My mother was diagnosed with TB shortly after I was born. In 1950 she was placed in the Maryknoll Hospital in Monrovia, California. My father could not take care of us four kids and work full-time so he sent us off to our God-parents. He stayed in the Imperial Valley working, paying the hospital expenses. My two sisters and I were in Port Hueneme living with our aunt and uncle, my brother was in Oxnard living with our grandmother.
Lonely and feeling helpless, my father sent these post cards almost every day to my mother. To the best of my ability I placed these cards in chronological order.
In 1950 Freeways connecting cities and towns were still in the planning stage. It was at least a five-hour drive from Calexico to Monrovia. Most of the distance was on two lane highways with stop and go traffic through each town. It was a long way to go for just a two-hour visit. Then there was the five or six hours to get back.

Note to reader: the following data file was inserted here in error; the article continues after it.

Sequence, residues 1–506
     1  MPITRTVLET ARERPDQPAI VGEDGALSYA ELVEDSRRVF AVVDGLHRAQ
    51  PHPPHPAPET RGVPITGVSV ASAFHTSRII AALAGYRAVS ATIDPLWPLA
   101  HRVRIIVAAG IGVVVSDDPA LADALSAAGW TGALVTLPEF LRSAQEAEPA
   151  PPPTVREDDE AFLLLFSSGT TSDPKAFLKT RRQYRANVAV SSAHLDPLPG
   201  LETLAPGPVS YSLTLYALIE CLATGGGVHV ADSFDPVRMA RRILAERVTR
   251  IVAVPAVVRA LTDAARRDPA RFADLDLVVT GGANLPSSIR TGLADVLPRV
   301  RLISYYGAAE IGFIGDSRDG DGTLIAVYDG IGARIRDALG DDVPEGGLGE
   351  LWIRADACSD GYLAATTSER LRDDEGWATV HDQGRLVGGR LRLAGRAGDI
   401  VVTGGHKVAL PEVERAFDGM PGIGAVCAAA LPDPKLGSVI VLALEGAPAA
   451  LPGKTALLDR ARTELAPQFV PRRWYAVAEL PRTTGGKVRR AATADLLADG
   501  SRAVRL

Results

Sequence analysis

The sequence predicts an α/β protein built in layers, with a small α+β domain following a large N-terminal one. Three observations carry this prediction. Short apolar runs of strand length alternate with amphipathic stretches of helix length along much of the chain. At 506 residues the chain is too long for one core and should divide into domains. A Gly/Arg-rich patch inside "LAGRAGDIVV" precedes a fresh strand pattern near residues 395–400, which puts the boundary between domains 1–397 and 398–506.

June 5, 1950 was a Monday. His visit to my mom must have made them both feel better. Did he really think she could get over TB in a couple of weeks? I think he was trying to be a good cheerleader.
“I am sad because I did not send you a flower this week. You know it wasn’t because I forgot.”
The canal systems serve both side of the Mexico-US border. My father worked on both sides managing the flow of the water.